Early predictors of weight loss in a 1-year behavioural weight-loss programme

B. L. James, L. S. Roe, E. Loken, B. J. Rolls

Research output: Contribution to journalArticle

4 Scopus citations

Abstract

Objective: Identifying early predictors of weight loss is key for developing personalized treatment. However, few individual factors have been identified that predict weight loss during intervention, other than early weight loss itself. Methods: Women with overweight or obesity (n = 186, mean ± SD age 50.0 ± 10.6 years, body mass index 34.0 ± 4.2 kg m−2) participated in the Portion-Control Strategies Trial, a 1-year randomized controlled weight-loss trial with three intervention groups. Early changes in eating behaviours and psychological factors were evaluated by questionnaires at baseline and Month 1. The influence of these early changes on the trajectory of weight loss from baseline to Months 3 and 12 was assessed by random coefficients models. Results: Although there were no differences in weight loss between intervention groups at the end of the trial, certain individual factors were shown to predict both early weight loss at Month 3 and longer-term weight loss at Month 12. Across all participants, increases in dietary restraint and healthy lifestyle ratings in the first month predicted more rapid weight loss from baseline to Month 3 (P < 0.05) and also predicted more rapid weight loss and slower regain from baseline to Month 12 (both P < 0.01). Early attendance and changes in disinhibition were not associated with subsequent weight loss. Conclusions: Changes in psychological and behavioural measures, such as restraint, in the first month of weight loss intervention predicted longer-term weight loss in women. Early additional support or tailored treatment could promote long-term success by reinforcing these behaviours.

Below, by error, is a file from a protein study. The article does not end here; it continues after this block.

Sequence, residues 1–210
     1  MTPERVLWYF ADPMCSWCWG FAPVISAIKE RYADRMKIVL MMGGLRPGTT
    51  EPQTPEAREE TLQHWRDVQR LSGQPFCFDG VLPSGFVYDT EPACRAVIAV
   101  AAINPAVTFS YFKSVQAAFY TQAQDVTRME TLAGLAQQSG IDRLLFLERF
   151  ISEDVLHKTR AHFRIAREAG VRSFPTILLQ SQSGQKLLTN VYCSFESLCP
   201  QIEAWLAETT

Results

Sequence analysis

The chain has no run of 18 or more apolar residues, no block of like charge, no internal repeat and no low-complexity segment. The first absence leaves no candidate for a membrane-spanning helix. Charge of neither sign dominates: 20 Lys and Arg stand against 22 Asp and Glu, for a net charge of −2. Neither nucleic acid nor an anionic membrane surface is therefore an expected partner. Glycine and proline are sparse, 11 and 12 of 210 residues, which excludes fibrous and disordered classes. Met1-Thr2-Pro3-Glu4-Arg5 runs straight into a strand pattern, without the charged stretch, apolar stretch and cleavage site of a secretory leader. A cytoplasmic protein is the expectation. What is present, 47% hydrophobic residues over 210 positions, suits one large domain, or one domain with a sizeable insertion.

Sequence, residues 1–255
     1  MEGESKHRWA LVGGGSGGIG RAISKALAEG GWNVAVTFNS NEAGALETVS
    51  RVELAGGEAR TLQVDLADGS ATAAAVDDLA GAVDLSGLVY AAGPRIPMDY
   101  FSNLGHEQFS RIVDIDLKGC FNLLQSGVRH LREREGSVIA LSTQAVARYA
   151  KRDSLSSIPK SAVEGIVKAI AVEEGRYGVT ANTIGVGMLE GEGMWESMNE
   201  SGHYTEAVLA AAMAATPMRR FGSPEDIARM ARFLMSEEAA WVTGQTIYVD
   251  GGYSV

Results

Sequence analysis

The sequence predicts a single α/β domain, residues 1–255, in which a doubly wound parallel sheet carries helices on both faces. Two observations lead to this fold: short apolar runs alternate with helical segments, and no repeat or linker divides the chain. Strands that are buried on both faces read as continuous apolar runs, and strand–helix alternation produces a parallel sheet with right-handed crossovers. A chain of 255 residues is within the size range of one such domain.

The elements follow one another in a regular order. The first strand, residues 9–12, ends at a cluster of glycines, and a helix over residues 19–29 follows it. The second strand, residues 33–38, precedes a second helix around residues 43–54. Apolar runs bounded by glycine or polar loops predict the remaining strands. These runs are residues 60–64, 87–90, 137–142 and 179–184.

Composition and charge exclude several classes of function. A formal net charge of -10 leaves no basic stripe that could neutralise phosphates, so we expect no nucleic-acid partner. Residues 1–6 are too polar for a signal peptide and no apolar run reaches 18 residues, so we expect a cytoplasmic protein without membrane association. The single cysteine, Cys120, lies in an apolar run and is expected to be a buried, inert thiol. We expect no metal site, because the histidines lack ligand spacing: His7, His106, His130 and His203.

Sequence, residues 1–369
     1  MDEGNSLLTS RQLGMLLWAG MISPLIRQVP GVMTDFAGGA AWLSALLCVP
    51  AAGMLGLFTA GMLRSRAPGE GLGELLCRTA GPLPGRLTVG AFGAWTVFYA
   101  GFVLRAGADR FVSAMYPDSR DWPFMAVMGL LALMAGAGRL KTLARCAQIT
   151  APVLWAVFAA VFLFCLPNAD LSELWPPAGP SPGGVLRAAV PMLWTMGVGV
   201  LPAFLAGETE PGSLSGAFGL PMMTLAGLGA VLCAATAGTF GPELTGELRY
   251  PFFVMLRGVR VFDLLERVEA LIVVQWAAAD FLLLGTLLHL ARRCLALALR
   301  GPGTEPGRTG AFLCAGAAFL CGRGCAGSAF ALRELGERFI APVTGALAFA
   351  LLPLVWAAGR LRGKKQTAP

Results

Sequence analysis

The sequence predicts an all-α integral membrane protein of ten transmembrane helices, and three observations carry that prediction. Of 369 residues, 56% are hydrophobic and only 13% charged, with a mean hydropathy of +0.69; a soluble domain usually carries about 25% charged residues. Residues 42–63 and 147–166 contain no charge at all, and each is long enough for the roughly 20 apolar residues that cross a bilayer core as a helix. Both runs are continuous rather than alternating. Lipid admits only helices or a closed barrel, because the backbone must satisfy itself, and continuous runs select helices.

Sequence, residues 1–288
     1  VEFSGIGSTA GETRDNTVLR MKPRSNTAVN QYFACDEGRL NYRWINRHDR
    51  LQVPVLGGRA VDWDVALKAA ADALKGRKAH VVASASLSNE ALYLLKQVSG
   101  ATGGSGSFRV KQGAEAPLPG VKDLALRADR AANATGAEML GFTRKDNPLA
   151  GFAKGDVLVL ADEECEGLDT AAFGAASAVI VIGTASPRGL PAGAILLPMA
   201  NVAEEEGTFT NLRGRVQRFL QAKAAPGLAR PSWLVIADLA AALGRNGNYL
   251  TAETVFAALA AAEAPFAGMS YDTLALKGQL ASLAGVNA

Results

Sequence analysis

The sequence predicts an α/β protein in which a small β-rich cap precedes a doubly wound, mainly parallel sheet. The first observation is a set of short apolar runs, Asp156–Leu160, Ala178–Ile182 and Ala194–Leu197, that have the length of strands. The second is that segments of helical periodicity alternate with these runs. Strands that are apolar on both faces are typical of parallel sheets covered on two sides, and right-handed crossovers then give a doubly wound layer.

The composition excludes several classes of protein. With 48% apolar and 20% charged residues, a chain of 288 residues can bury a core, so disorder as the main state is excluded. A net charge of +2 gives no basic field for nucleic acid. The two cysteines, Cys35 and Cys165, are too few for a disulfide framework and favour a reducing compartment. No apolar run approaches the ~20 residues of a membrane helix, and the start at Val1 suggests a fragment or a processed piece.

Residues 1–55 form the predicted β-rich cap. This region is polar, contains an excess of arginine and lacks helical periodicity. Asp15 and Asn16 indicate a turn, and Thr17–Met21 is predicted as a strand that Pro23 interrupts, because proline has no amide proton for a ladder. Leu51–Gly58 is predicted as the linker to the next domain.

Original languageEnglish (US)
Pages (from-to)20-28
Number of pages9
JournalObesity Science and Practice
Volume4
Issue number1
DOIs
StatePublished - Feb 1 2018

All Science Journal Classification (ASJC) codes

  • Endocrinology, Diabetes and Metabolism
  • Nutrition and Dietetics

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